- Identify the groups of users that need to be created. For example, the administrator may want an engineering VLAN, a sales VLAN, and an administration VLAN. Most organizations use VLAN 1 as the management VLAN and don’t have user devices connected to it.
- Engineering Department: VLAN 2
- Sales Department: VLAN 3
- Administration Department: VLAN 4
- Create the new VLANs on the switch. A console connection or Telnet session using the command line interface (CLI) or menu is a common way to configure the VLANs. Some vendors also support web-based management and SNMP configuration of VLANs.
- Configure the switch, port-by-port, for the appropriate VLAN.
For the configuration above, VLAN operation can be summarized as follows:
- The switch is configured and each port is assigned to one of three VLANs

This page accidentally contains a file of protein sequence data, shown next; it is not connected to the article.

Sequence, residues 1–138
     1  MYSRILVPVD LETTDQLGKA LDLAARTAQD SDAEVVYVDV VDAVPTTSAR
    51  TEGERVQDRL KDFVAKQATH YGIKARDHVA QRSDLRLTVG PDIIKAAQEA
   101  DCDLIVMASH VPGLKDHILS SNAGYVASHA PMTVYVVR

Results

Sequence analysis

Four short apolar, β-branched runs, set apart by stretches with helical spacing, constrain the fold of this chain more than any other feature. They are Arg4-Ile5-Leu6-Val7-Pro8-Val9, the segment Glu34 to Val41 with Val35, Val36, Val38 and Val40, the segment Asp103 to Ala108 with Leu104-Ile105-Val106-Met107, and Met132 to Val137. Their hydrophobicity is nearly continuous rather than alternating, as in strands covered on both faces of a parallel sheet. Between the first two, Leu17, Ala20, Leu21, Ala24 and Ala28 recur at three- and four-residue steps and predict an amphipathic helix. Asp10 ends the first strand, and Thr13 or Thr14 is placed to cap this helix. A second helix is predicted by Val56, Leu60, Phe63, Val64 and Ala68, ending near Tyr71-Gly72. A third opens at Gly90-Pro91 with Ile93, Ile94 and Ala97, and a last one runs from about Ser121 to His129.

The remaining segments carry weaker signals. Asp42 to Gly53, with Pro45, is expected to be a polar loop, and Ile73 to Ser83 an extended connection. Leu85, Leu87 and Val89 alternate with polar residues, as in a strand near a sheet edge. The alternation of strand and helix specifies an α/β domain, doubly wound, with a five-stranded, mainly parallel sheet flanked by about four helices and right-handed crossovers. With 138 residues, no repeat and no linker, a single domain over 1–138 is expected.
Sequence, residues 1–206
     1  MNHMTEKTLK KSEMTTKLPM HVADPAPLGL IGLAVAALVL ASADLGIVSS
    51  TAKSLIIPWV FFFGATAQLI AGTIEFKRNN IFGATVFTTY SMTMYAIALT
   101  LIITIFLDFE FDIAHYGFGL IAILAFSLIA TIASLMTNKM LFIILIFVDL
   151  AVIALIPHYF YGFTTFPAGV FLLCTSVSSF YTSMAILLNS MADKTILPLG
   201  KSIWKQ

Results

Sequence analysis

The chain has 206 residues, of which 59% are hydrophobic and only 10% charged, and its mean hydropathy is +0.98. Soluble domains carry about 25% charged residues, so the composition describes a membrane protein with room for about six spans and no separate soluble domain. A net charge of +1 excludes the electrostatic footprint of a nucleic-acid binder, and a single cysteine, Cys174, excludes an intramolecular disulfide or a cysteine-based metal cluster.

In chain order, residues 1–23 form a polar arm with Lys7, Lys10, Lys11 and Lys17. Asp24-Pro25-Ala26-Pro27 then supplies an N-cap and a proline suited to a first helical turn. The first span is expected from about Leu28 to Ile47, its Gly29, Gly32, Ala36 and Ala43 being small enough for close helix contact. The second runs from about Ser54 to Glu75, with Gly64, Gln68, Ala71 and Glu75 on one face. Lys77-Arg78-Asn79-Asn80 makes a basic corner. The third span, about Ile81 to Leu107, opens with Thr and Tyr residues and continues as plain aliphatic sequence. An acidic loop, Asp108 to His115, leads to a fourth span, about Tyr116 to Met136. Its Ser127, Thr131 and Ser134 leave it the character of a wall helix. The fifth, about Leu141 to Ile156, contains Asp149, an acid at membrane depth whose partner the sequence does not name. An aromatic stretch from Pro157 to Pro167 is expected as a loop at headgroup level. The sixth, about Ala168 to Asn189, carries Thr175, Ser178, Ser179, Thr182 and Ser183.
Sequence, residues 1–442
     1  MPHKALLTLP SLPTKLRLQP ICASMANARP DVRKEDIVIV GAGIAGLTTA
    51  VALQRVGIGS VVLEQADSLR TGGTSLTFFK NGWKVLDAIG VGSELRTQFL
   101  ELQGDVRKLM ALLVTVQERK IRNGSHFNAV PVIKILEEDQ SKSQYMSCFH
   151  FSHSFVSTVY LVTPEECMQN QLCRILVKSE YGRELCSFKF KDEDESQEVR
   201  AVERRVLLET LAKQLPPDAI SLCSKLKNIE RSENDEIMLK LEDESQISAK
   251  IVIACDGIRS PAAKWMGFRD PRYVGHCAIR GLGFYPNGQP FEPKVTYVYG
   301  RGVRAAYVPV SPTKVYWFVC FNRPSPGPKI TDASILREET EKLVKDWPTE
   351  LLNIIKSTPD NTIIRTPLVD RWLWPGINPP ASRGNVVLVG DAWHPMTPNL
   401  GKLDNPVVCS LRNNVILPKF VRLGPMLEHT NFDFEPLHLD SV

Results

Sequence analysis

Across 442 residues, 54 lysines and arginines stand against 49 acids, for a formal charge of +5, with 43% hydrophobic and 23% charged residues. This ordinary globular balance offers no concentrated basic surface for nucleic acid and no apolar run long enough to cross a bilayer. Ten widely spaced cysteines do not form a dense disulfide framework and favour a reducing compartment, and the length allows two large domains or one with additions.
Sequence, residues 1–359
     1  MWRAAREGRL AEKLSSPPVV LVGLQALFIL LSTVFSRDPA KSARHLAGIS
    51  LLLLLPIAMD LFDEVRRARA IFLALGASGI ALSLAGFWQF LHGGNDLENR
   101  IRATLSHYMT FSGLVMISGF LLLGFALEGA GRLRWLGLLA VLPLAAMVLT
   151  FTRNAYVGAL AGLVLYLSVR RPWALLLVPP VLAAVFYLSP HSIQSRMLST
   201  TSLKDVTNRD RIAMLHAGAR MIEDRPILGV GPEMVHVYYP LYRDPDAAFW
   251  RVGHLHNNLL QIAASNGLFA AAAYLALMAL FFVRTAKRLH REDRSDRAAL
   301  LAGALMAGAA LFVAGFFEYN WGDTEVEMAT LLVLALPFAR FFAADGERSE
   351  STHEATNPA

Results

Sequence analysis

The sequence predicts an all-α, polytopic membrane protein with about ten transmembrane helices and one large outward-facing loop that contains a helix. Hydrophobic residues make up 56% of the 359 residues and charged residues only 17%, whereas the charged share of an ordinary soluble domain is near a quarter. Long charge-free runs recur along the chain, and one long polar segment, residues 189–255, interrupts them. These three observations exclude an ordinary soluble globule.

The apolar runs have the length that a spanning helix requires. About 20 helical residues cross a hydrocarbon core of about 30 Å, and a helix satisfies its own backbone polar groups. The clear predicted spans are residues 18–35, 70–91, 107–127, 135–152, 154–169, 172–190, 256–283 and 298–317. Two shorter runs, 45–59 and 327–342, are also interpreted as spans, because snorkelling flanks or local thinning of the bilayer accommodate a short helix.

(V2, V3, or V4).
- When user 1 in engineering connects to the engineering server, most likely an ARP request is required first to determine the MAC address of the server son that frames can be sent to it. This ARP request has a destination MAC address of ff ff ff ff ff ff (broadcast address).
- When this ARP request arrives in the switch, the switch forwards the frame through all other switch ports that are configured for VLAN 2.
- The switch doesn’t send the broadcast out the ports configured for other VLANs, thereby allowing the broadcasts to be contained.
- For network security, devices on VLAN 2 aren’t able to communicate with devices on VLAN 3 or VLAN 4.
Understanding Networking Fundamentals
SWITCH — Implementing Cisco IP Switched Networks v1.0
Wireless LAN Foundations